Factors influencing insemination per pregnancy in high and low forage dairy feeding systems

Cheryl Ashworth, Liveness Jessica Banda, Mizeck Gift G Chagunda, David J Roberts

Research output: Contribution to conferencePaperpeer-review


Introduction The modern high producing dairy cow has been associated with declining fertility, which has been attributed to the antagonistic genetic relationship between fertility and milk yield (Lovendahl et al. 2009) as well as differences in production systems and regions (McDougall 2006). This study was carried out to determine the influence of genetic merit, feeding system, body energy content and milk yield on the number of inseminations per pregnancy in cows under high and low forage feeding systems.

Materials and Methods The work was undertaken with a Holstein Friesian herd that comprised high (select) and average (control) genetic merit cows based on fat and protein predicted transmitting ability. The feeding system was either low or high forage diets with a target dry matter (DM) from forage of 50 and 75%, respectively. The low and high forage diets had metabolizable energy (ME) of 12.3 and 11.5MJ and crude protein (CP) of 185 and 180 g per kg DM, respectively. The genetic merit and feeding system formed 4 treatments - low forage select (LFS), low forage control (LFC), high forage select (HFS) and high forage control (HFC). A total of 1179 records from 383 cows between their first and fourth lactations and which calved between September 2003 and December 2010 were grouped according to the number of inseminations to achieve pregnancy. The groups were pregnancy with 1, 2, 3 and >3 inseminations representing 35, 23, 16, and 26% of the population, respectively. A general linear mixed model (GLIMMIX procedure) of SAS 9.2 at 5% probability was used to determine factors that influence the outcome of inseminations. Modeling of binary (pregnancy diagnosis results) data was done for all lactations with the cow as a random factor. The variable pregnancy diagnosis result was assigned a value of 1 if a cow was pregnant with the first three inseminations and 0 if the pregnancy occurred after more than three inseminations. The regression factors included genetic merit, feeding system, lactation number, days to first recorded heat (DFH), milk yield at service, calving and service body energy content.

Results The herd had more cows (48%) in their first lactation than cows in their second (28%), third and fourth lactation (24%). Cows that became pregnant after >3 inseminations had significantly (p<0.05) higher calving and service weight, service body energy content and condition score. There were no significant differences in DFH as well as days to first and last service between lactations. Genetic merit, lactation number, DFH, service body energy content and milk yield had significant effect (p<0.05) on pregnancy outcome with the first 3 inseminations. There was also significant interaction between genetic merit and feeding and hence these were combined and presented as a production system (Table 1). The odds ratio estimates in Table 1 show that LFC cows and cows in their first lactation have the highest chance of getting pregnant with the first three inseminations. LFC cows are 3.5 times more likely to get pregnant than HFS cows suggesting lower fertility in high genetic merit cows.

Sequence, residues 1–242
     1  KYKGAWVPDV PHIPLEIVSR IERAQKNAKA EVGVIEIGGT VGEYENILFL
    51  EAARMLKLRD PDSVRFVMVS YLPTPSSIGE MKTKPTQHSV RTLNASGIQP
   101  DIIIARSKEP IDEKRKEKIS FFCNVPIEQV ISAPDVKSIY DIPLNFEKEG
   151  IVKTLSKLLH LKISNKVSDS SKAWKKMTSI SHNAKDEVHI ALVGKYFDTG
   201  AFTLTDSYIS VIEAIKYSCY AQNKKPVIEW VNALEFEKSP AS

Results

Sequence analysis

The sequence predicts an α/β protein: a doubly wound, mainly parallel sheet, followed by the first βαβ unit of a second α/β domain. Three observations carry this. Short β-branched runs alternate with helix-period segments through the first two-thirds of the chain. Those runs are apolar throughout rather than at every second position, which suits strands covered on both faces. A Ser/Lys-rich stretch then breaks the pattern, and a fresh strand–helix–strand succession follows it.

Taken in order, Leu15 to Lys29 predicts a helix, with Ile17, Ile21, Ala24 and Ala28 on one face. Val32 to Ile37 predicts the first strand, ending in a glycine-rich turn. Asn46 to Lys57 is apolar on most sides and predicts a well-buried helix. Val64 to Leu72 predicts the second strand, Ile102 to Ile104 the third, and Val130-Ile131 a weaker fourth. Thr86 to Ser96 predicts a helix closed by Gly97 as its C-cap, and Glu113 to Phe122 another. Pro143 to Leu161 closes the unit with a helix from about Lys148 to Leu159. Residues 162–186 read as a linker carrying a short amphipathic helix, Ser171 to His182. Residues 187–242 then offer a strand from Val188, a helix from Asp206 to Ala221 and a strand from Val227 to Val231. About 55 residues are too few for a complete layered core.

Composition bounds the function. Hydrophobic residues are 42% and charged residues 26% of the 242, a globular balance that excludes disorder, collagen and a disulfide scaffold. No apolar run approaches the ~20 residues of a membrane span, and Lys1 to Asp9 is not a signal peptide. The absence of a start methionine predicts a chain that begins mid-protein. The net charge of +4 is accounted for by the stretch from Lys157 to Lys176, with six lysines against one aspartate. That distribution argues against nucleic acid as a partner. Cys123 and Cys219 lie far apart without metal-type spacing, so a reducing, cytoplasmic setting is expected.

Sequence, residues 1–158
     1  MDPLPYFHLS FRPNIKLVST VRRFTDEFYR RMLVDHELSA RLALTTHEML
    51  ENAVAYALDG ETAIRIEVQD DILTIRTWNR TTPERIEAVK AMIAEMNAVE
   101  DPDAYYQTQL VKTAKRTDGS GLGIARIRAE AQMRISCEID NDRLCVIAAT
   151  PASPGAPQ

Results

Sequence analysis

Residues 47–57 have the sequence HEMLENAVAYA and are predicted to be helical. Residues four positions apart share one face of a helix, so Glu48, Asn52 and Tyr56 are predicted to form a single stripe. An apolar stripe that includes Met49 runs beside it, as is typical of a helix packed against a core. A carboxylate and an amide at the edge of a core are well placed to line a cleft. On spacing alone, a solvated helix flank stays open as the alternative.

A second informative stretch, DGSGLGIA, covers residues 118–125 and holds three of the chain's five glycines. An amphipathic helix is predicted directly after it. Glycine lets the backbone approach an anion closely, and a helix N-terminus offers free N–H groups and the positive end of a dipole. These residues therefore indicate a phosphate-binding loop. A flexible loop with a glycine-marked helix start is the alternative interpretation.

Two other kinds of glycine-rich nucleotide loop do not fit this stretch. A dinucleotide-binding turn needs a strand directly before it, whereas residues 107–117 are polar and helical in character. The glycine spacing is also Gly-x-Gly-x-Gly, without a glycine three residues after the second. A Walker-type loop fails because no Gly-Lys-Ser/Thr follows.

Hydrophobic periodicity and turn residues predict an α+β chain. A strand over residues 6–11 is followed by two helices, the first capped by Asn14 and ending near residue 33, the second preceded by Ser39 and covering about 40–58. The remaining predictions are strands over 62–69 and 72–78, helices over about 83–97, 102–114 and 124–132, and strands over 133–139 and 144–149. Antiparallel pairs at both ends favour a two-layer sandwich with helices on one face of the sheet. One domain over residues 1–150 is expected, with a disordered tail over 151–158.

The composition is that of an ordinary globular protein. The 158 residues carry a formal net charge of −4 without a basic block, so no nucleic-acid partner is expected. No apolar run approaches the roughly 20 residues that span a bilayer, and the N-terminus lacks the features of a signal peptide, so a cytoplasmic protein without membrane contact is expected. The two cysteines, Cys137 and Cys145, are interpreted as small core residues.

Table 1: Odds ratio estimates for pregnancy with the first 3 inseminations in cows under different production systems
Factor *Production system Lactation number Days to 1st recorded heat Service milk yield (litres) Service body energy content (MJ)
LFC LFS HFC 1 2 67 32 4498
HFS HFS HFS 3 3 66 31 4497
Odds ratio estimate 3.5 2.8 1.4 3.5 1.6 1.0 1.1 1.0
Lower CL** 1.857 1.607 0.777 2.063 0.966 1.001 1.046 0.999
Upper CL 6.711 4.899 2.599 6.088 2.622 1.015 1.110 0.999
*HFS=high forage select; LFS=low forage select; HFC=high forage control; LFC=low forage control **CL = 95% confidence limit

Pollot & Coffey (2008) associated genetic selection for high fat and protein levels in milk with increasing the time taken to start luteal activity post-partum. However, LFS cows had higher odds of getting pregnant than HFC cows. This could be attributed to differences in ME and CP available in the rations. Cows on low forage diet had higher CP and ME which might have contributed to higher odds of getting pregnant. A unit change in days to first heat, milk yield and service body energy content does not seem to have much effect on an insemination outcome.

Conclusion The results show that the feeding system plays an important role in determining the outcome of an insemination in dairy cattle. Cows fed rations with relatively lower CP and ME have a lower chance of pregnancy with the first three inseminations. Genetic merit, days to first heat, service milk yield and body energy content seem important in determining a chance of getting pregnant with the first three inseminations and these could probably be used to develop models for predicting pregnancy for each insemination.

Acknowledgements The authors appreciate funding from Flanders International Cooperation Agency and the Scottish Government.
Lovendahl, P., Chagunda, M., O'Connell, J., & Friggens, N. 2009. Cattle Practice, 17, 7-12.
McDougall, S. 2006. Journal of Reproduction and Development 52 , 185-194.
Pollott, G. E. & Coffey, M. P. 2008, Journal of Dairy Science vol. 91, no. 9, pp. 3649-3660.
Original languageEnglish
Number of pages1
Publication statusPublished - 2013
EventBritish Society of Animal Science Annual Meeting - Nottingham, United Kingdom
Duration: 16 Apr 201317 Apr 2013


ConferenceBritish Society of Animal Science Annual Meeting
Country/TerritoryUnited Kingdom


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